Poets & Writers Writing Prompts

55AF51EA3BPoets & Writers is a great magazine for getting inspiration, reading about fellow writers, learning about MFA programs, and finding journals to submit work to. One of my favorite parts of the magazine, however, is the section titled “The Time is Now.” This is where you will find writing prompts for nonfiction, fiction, and poetry. Here are some recent prompts. Have a go, and let us know where it takes you! Continue reading “Poets & Writers Writing Prompts”

5 Common Mistakes of Book Proposals

rejectedGetting published is tough. Don’t make it even harder. Following are five common mistakes of book proposals that are sure to result in a rejection letter.

  1. Fail to follow the submission guidelines. Publishing companies often list their submission guidelines on their websites. They may call these “guidelines” but think of them as rules. If you break a rule, you could quickly be thrown out of the game. Follow the rules to a tee and don’t give them an easy reason to disqualify you before you get an opportunity to score.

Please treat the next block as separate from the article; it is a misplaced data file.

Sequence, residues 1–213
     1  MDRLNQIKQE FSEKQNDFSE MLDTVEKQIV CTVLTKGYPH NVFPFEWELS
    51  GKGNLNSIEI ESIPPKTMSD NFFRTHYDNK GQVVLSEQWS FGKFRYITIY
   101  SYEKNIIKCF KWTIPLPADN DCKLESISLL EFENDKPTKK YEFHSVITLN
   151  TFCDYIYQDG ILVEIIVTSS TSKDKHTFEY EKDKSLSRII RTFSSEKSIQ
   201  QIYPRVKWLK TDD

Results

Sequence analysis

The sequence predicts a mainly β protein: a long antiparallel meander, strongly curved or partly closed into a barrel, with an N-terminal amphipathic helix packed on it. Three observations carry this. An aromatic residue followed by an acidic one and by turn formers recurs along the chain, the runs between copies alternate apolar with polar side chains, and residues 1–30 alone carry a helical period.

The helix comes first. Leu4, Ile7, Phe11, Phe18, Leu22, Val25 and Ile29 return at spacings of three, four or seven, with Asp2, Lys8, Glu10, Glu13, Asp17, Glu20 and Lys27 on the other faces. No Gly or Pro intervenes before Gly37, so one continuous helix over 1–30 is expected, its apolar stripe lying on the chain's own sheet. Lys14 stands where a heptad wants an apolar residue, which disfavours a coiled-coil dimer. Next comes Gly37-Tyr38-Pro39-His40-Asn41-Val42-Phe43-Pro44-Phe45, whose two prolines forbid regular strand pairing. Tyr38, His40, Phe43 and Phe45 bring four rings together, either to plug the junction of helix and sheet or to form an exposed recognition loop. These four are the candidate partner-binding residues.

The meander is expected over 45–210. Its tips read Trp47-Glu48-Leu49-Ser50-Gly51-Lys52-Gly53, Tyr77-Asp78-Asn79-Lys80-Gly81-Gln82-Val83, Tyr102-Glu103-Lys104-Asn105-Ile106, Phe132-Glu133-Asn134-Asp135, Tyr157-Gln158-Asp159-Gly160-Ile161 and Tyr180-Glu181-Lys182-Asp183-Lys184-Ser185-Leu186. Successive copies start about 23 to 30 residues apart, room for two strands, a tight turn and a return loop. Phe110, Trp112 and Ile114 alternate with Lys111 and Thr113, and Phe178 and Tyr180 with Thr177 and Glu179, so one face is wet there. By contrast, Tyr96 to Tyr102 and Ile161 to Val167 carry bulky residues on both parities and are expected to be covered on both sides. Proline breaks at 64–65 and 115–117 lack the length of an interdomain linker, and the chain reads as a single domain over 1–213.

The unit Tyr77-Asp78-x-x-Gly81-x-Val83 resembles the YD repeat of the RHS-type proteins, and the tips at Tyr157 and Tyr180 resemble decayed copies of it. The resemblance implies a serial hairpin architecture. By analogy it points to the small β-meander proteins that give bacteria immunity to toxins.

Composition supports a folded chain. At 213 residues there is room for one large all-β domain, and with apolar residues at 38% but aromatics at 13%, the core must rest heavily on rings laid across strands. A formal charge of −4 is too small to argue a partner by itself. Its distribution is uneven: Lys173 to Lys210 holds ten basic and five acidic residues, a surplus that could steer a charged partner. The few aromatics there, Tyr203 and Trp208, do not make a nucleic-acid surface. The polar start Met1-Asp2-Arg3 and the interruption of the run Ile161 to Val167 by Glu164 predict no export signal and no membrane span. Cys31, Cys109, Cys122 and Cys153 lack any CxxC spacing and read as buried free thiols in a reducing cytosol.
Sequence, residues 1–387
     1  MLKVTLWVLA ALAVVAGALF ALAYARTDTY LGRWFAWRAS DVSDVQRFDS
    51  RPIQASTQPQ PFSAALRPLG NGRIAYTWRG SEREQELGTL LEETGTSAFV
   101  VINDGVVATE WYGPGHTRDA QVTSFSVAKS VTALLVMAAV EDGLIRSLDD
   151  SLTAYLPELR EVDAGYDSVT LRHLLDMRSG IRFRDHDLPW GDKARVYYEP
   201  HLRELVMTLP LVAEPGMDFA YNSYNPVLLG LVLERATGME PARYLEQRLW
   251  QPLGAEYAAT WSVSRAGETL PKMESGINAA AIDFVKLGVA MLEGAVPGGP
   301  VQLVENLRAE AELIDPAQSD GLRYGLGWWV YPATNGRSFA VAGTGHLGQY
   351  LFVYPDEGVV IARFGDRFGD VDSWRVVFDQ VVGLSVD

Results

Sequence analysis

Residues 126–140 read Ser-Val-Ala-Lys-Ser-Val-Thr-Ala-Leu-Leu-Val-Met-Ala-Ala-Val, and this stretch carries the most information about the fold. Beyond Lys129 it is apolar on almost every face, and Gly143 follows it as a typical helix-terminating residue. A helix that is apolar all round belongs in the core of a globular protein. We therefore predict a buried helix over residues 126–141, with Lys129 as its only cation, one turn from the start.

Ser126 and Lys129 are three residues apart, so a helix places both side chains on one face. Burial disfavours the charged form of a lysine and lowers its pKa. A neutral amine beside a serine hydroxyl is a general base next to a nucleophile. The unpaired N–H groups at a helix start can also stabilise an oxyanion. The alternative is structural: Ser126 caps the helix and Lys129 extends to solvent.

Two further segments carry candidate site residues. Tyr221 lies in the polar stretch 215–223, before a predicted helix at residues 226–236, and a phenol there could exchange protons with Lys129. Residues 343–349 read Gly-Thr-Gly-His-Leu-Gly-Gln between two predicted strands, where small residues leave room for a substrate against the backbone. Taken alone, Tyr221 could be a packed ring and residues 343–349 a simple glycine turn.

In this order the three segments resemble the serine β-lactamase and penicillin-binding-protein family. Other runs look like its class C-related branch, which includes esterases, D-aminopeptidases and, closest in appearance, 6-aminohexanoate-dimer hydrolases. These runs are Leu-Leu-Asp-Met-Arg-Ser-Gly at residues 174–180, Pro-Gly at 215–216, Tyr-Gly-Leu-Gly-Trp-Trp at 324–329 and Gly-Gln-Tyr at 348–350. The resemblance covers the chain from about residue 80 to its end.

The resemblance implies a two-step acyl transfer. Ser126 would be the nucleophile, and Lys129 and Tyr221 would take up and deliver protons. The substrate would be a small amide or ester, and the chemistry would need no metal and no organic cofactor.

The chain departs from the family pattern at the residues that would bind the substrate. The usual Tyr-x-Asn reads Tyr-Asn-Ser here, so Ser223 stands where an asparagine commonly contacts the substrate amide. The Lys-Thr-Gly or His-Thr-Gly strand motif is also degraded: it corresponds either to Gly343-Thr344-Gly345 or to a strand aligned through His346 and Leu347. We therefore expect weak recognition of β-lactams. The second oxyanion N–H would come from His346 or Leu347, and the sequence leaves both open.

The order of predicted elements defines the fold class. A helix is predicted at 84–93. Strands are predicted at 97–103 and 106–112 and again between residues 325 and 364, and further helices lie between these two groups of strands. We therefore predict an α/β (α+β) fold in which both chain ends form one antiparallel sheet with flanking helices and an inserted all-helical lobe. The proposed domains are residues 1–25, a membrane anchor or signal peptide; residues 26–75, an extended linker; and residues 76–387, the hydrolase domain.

2. State that your book is unique, and therefore, there are no comparable titles on the market. Let me just call BS. What this tells the publisher is that you have a self-inflated view of your work and that you either are not aware of what is on the market in your genre or are too lazy to do your homework.
  3. Threaten the publisher. Publishers often take months to respond to a book proposal. This is just the nature of the business. Threatening to seek out another publisher if you do not get a reply in a certain amount of time just antagonizes the publishing staff and will likely result in a not-so-timely rejection letter, if you’re lucky enough to get a response at all. Just don’t do it.
  4. Send the proposal to the wrong publisher. Always, always research the publisher. Most publishers specialize in an area, and if your book doesn’t fit that area, you’re only wasting your time and that of the publisher. As a side note, it is best to prove that you’ve done your research and explain why you’ve sent your proposal to a particular publisher. Let them know that you are familiar with their list and that your book would make a nice addition to their lineup.
  5. Provide hype but no substance. Don’t tell the publisher that your book is the “best” or “only” or a “bestseller.” Don’t guarantee anything. Don’t say that your mother loved it and your mother doesn’t love anything. Do tell the publisher what your book is actually about and how it is different from comparable titles. Sell the hook; don’t try to tease the publisher into begging for more. Give the publisher everything it needs to know to make a well-informed decision.